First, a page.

Strap yourself in for one of the wildest found footage horror cinema rides in recent memory when you settle in to watch The Outwaters (2022). You won’t be settled at all once the madness gets underway. Members of a rock band and a makeup artist friend head out into the desert to film a music video, but what they encounter there leads to madness and an absolutely insane, gore-filled third act. Robbie Zagorac (writer/director Robbie Banfitch, who also shot, edited, and did sound design and special effects) heads up a group of people who find themselves at odds with a terrifying entity. Hopefully it’s not too much of a giveaway to let readers know that The Outwaters is a creature feature, but it is much more than that. This thing in the remote desert has a way of getting into people’s heads and what happens then is a mind-jarring journey that must be seen to be believed — and perhaps “experienced” is a better word choice than “seen” here. Before the striking and unsettling visuals kick in, Banfitch does a great job of introducing viewers to the group of friends, all of whom are likable characters, which makes their fate all the harder to watch unfold. The Outwaters is a trippy excursion into a hellish world, and one that will likely linger in viewers’ minds for some time afterward.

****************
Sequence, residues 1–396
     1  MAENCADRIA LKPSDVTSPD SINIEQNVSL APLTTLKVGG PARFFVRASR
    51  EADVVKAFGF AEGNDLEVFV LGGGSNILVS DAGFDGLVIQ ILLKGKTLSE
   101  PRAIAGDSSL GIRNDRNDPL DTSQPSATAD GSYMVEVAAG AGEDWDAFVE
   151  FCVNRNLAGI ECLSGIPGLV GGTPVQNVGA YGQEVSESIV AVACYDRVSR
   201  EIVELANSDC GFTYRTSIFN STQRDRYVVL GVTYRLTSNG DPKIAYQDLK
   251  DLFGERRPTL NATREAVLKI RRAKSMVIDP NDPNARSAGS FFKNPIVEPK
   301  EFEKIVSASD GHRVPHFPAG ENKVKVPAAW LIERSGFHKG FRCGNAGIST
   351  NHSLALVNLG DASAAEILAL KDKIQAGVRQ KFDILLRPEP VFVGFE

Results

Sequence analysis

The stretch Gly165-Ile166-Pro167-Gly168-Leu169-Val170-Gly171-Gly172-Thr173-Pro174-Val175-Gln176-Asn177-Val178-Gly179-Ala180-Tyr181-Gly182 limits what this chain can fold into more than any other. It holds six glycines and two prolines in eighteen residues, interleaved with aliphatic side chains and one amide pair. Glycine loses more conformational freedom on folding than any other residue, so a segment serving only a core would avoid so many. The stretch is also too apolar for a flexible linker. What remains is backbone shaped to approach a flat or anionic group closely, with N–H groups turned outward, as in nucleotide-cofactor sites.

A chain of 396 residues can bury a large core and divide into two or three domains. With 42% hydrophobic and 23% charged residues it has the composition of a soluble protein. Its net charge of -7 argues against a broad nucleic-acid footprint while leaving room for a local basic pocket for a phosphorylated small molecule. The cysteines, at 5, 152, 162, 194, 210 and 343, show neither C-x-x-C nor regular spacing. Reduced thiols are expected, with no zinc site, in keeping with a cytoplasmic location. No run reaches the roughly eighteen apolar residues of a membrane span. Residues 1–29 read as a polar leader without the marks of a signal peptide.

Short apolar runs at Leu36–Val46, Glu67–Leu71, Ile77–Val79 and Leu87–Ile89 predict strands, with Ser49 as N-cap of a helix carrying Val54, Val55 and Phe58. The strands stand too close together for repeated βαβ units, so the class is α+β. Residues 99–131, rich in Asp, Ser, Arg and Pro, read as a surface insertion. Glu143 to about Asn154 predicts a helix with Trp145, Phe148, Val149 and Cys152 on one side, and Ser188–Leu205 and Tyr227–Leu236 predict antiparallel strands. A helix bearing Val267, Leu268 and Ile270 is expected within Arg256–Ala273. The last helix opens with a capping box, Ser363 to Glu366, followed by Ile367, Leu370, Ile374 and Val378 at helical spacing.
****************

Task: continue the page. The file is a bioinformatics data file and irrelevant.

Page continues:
The Zand Order
★★1/2 out of ★★★★★
Directed by Sarah Goras Peterson
Although The Zand Order does an admirable job of presenting a mother’s grief over her murdered child and the lengths she will go to expose those she believed were responsible, the film falls into the trap of having its lead characters hate each other, turning even the mother into a less-than-sympathetic protagonist and giving viewers no one to truly root for. Morgan Foster (Anna Talakkotur) hires documentary filmmaker Yessica Underhill (Laura Stetman) and professional tracker Vex Crawford (Justine Renee) to accompany her into the woods and expose a mysterious cult that she thinks murdered her young daughter. Writer/director Sarah Goras Peterson follows many of the tropes of the sylvan found-footage variety, from weird noises outside the tent to found objects meant for the main characters to discover and be freaked out by. The result is a film that doesn’t deliver much new in the found footage/forest/cult horror subgenres, but its cast members deliver spirited performances and Peterson keeps events moving at a steady clip, kicking off action earlier than in most found-footage features.
Reviews by Joseph Perry
The Outwaters and The Zand Order screened as part of Unnamed Footage Festival, which took place March 17–20, 2022 in San Francisco, California.